Photo: Robert Voets (The CW)

In the series premiere of Crazy Ex-Girlfriend, Rebecca Bunch moved to West Covina, California, changing for life for reasons that had absolutely nothing to do with Joshua Felix Chan (so weight, right?!) The lie that mattered most was the one she told herself, one she could believe even as Paula called her out on its foolishness. In the second season premiere, she told Josh some lies and herself even more, convincing herself that everything was great and that they were on the same page, while Paula saw Rebecca’s situation, and her own, for what they really were. In the third, she put on a costume, emerging from a dark hotel room as a beautiful scorned butterfly whose quests for revenge would prove fruitless—and Paula, Valencia, and Heather all saw it for what it was.

Now she’s back, ready to “do penance,” the only one who can’t see the act for what it is. The more Rebecca Bunch changes, the more she stays the same.

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That’s not to say that “I Want To Be Here,” the final season opener of this great series, is in any way dull or repetitive. It revisits familiar beats, decisions, patterns, and motifs, but it does so because that’s Rebecca, and that’s Josh, and that’s Nathaniel. They all fall back on old habits, bad habits, because that’s what’s easiest, and people usually do what’s easiest. But while there are always steps backward, sometimes there’s a step forward, too.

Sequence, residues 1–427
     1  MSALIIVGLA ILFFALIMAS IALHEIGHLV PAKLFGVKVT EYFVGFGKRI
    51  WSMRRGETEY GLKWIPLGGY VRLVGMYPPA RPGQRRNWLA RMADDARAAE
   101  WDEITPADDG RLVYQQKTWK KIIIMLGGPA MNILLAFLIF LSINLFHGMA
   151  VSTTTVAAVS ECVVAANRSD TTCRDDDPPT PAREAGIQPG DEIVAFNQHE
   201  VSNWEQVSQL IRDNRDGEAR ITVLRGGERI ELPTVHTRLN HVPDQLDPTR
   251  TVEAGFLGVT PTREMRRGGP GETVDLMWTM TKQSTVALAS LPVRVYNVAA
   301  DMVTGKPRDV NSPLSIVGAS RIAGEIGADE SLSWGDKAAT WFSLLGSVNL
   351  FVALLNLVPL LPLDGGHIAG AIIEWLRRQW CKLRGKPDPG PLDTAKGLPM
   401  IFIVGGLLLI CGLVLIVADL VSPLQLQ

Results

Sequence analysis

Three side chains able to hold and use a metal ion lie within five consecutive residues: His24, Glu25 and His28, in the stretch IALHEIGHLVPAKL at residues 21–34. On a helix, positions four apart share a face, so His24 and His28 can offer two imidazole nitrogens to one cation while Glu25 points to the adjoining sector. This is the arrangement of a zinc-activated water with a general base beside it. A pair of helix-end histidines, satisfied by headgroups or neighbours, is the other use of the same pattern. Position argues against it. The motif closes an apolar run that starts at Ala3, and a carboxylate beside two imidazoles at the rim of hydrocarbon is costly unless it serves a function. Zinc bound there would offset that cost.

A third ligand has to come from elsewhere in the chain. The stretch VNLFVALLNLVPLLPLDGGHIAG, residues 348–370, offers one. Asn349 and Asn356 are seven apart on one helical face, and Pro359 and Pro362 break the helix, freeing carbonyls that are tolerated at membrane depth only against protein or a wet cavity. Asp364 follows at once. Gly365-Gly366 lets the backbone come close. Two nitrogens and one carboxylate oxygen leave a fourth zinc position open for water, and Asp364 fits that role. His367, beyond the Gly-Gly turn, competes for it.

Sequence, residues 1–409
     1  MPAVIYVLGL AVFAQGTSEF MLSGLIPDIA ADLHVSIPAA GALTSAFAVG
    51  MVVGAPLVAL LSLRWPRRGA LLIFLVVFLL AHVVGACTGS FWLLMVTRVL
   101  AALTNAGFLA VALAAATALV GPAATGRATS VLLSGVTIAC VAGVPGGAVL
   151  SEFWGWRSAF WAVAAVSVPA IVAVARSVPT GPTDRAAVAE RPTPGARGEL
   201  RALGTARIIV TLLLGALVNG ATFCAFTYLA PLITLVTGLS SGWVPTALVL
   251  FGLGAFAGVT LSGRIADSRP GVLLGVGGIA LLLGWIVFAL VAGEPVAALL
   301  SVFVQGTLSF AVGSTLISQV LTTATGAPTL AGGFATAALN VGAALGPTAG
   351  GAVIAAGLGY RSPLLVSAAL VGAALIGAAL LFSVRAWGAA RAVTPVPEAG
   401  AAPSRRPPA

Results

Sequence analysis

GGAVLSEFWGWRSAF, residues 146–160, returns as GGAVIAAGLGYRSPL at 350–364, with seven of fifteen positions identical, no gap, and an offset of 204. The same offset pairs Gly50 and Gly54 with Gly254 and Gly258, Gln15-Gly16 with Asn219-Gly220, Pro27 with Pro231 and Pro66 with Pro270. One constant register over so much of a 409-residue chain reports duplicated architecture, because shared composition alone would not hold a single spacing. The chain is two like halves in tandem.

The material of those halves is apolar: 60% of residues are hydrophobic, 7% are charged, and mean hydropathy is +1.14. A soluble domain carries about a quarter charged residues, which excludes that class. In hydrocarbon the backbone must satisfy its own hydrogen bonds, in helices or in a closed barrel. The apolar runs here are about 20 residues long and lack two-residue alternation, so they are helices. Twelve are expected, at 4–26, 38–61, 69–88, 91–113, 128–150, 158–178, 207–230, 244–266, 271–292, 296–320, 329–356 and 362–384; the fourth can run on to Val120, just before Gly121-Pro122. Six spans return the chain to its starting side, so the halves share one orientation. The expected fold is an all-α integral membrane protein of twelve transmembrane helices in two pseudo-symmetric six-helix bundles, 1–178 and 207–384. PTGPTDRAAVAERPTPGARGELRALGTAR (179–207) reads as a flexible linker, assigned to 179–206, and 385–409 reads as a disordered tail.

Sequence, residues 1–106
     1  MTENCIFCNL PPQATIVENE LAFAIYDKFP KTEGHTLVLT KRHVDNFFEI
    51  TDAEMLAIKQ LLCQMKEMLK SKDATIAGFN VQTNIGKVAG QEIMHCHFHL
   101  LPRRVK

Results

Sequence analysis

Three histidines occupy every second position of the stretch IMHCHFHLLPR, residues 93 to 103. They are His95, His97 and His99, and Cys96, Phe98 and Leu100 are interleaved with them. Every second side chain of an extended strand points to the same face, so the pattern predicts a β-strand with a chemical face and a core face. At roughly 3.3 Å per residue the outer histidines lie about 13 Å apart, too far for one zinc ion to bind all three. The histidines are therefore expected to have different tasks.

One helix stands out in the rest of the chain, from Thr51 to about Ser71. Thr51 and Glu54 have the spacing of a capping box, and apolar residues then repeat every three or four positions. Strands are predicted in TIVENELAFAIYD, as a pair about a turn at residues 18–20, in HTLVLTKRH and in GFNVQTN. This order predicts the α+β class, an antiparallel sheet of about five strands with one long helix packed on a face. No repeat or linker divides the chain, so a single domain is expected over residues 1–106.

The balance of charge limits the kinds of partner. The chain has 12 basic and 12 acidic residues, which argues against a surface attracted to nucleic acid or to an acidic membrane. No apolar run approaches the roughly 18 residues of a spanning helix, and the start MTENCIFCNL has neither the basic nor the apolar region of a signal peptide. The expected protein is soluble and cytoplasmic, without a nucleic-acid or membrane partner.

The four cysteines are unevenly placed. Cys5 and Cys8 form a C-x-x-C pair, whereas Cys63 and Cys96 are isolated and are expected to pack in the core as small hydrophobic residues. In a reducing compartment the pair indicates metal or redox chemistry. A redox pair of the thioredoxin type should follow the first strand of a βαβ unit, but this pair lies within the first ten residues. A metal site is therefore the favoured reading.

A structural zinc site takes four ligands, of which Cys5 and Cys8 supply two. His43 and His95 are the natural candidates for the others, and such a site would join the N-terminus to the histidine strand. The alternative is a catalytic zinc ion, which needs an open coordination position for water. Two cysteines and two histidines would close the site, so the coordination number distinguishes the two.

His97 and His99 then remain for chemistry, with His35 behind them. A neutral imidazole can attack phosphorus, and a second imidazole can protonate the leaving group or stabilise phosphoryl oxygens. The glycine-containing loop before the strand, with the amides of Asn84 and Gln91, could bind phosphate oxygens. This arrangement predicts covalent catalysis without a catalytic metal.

Things can get better, if you put in the work. This season seems likely to be all about the work. But as “Dr. Man Akopian” (Manneqkopian?) wisely says, “Don’t worry—it will take a long time.”

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Recovery always does. In this case, that reassurance is meta-textual—for the first time since its first season, Crazy Ex-Girlfriend has an 18-episode order, rather than the 13 of the last two seasons—but it also seems to be something of a warning. Recovery takes a long time, and more often than not, it never ends. Rebecca Bunch turned a corner when she said, “I plead responsible,” but she didn’t suddenly become someone else. And no matter how much progress these characters have made toward becoming better people (good persons, if you will), they’re still the same people. People who sometimes have more in common than they think.